Fact or Fiction: This is Grantham’s last season as Florida’s defensive coordinator

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UF defensive coordinator Todd Grantham, left, and head coach Dan Mullen watch players during practice at the Indoor Practice Facility on campus last year. [Brad McClenny/The Gainesville Sun]

There are truths and untruths in the world of sports. And there are also opinions that are worth discussing. You may agree or disagree. Just do it with decorum. So begins this occasional feature as Pat Dooley and Robbie Andreu of the Gainesville Sun embrace the debate:

Item No. 1

This is Todd Grantham’s last season as the Florida defensive coordinator.

Andreu: The NFL came after Grantham a year ago, but the Cincinnati Bengals were too late in their offer to make him their defensive coordinator. A month earlier, Grantham had received a considerable raise from UF that basically pays him an NFL salary. Granted, Grantham has moved around a great deal in his coaching career, but Florida is where he may end up staying for a while. He fits in well with coach Dan Mullen and the rest of the staff, he and his family like living here, and with the talent he has to work with every year, his defense has a chance to remain among the elite in college football. I have a feeling Grantham won’t make his next coaching move until it’s to become a head coach somewhere. FICTION.

Dooley: During a coaching career that began in 1990, Grantham has only been in one job longer than three years — four seasons at Georgia. He has turned down jobs at Florida and did not get the Mississippi State job last year which he coveted. On the other hand, he’s got a great gig here as one of the highest paid defensive coaches making $1.39 million a year in base salary. Certainly, there is a desire to be a head coach, but he’s smart (like Bob Stoops) in not just taking a head coaching job because it is a head coaching job. A lot has to do with how this season goes. If Florida is ultra-successful, it will be hard to hang on to him for another season. FACT.

Item No. 2

Jacob Copeland will be Florida’s top receiver in catches and yards this season.

Andreu: Copeland has the talent and showed enough flashes last season to indicate he can develop into a go-to guy and elite receiver in the SEC. Now that those four productive seniors — Van Jefferson, Freddie Swain, Tyrie Cleveland and Josh Hammond — have moved on to the NFL, Copeland’s opportunities are going to increase exponentially this season and he’s going to be a much bigger focal point in the offense. But he’s not the only potential go-to receiver for quarterback Kyle Trask. Kyle Pitts led the Gators in receptions last season and has emerged as one of the elite tight ends in the nation. He’s a matchup problem for opposing secondaries, so Trask is going to be calling on him often. Trevon Grimes has also made enough plays to fill a go-to role. Copeland is likely going to emerge as a very big weapon this season, but that doesn’t necessarily mean he’ll be the top guy. FICTION.

Dooley: Because Dan Mullen’s offense likes to spread the ball around and will have so many talented receivers, it could be Copeland, could be Trevon Grimes, could be Kyle Pitts. Heck, it could be someone who comes out of nowhere. I think it could be Copeland because of his talent, but it’s hard to say it won’t be Pitts. He led the team in catches last year and was second to Van Jefferson in yardage. You saw last year that team’s got tired of him catching so many passes and started moving their coverage to stop him during games. If they do that at the start of the games, it will open things up for other wide receivers. And that could open the door for Copeland, especially if he becomes Florida’s top deep threat. So, there’s a chance. FICTION.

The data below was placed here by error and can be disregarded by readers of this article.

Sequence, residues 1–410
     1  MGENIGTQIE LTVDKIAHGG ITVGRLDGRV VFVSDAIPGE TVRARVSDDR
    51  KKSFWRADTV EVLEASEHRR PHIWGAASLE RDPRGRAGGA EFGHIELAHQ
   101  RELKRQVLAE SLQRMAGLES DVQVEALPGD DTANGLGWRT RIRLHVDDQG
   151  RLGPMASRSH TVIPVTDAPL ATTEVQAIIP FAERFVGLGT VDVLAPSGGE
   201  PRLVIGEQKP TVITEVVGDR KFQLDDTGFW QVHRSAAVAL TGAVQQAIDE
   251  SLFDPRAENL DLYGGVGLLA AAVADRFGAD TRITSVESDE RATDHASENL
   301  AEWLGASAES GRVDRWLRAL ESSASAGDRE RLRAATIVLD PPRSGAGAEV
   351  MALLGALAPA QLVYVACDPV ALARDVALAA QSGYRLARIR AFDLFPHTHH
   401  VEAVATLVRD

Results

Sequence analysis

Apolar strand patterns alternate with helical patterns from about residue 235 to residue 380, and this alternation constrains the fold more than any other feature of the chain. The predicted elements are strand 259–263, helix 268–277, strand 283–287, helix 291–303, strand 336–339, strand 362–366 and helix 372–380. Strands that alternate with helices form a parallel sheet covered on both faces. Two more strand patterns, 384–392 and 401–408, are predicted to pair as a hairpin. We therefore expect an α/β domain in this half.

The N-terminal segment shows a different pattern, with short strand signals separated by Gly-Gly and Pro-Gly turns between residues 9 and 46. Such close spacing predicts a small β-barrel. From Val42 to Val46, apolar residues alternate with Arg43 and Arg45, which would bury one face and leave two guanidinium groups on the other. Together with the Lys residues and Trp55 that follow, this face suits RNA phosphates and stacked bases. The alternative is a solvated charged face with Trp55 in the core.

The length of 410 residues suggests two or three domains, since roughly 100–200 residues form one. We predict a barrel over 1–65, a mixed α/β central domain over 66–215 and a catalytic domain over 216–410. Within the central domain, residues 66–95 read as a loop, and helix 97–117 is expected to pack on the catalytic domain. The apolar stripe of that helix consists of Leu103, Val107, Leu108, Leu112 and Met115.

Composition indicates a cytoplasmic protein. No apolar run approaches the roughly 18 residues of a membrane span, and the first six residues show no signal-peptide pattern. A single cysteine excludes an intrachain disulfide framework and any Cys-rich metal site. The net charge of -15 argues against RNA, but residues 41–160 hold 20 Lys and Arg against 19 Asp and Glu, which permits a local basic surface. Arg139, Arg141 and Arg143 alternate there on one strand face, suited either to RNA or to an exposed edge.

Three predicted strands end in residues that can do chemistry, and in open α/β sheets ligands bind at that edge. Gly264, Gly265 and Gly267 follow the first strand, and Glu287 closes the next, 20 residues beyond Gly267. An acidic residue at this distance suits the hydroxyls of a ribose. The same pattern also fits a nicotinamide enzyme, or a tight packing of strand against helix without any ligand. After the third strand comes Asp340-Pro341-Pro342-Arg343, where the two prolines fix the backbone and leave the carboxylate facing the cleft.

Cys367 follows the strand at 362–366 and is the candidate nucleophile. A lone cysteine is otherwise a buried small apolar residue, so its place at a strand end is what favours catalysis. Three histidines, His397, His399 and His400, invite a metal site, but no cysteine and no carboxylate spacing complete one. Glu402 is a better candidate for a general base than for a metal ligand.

Item No. 3

The SEC East will beat the West in head-to-head crossover games. 

Andreu: Let’s take a look at this team by team in the East and break it down a little bit, starting with Florida. The Gators play at Ole Miss and have LSU at home. UF certainly is capable of sweeping those two teams. Ole Miss is starting over with Lane Kiffin and the Tigers will be in a major rebuilding mode after losing all that talent to the NFL. Georgia has a difficult crossover schedule: at Alabama and Auburn at home. The Bulldogs have shown they can play with the Tide and will have a chance in that game. UGA has owned Auburn recently. So, the worst-case scenario is a split. Kentucky has to go to Auburn, but gets Mississippi State at home, so a likely split there. Missouri goes to Ole Miss and has Arkansas at home. The Tigers could win both, but let’s just say they split. South Carolina has Texas A&M at home and goes to LSU. The Gamecocks could get swept, but also will have a chance to split. Tennessee gets Alabama at home and travels to Arkansas. The Vols showed last season they can play with the Tide, so that’s not a guaranteed loss. And they should win at Arkansas. Last but not least, Vanderbilt has Ole Miss at home and Texas A&M on the road. I see a split there. So, let’s add it up. The Gators sweep and everyone else splits and the East goes 8-6 against the West this season. FACT.

Dooley: The East won two years ago (in part because of UF’s 2-0 record) and tied last year. The key is the seven road games the East has to play against the West. And it doesn’t look good.

Georgia at Alabama.

Kentucky at Auburn.

South Carolina at LSU.

Florida at Ole Miss.

Vandy at Texas A&M.

Tennessee at Arkansas.

Mizzou at Mississippi State

I’m not sure there are more than two wins there. And then there are home games like LSU at Florida, Alabama at Tennessee and Auburn at Georgia to deal with. If the East can win three road games, I can see it winning at least four at home, so we’d have another tie. It feels like we are talking about the Ryder Cup. I think the road schedule will cost the East. FICTION 

 

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